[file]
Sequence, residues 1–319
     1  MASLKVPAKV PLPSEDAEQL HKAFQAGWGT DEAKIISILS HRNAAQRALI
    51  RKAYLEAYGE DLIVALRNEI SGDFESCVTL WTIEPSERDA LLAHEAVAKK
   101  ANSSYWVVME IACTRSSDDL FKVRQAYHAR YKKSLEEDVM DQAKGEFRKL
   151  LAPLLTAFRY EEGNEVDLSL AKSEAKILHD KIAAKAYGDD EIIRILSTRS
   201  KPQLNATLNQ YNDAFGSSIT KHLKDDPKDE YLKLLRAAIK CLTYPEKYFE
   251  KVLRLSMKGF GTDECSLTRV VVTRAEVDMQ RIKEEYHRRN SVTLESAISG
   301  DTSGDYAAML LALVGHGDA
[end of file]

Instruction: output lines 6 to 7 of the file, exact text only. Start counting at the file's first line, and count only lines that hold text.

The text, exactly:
   201  KPQLNATLNQ YNDAFGSSIT KHLKDDPKDE YLKLLRAAIK CLTYPEKYFE
   251  KVLRLSMKGF GTDECSLTRV VVTRAEVDMQ RIKEEYHRRN SVTLESAISG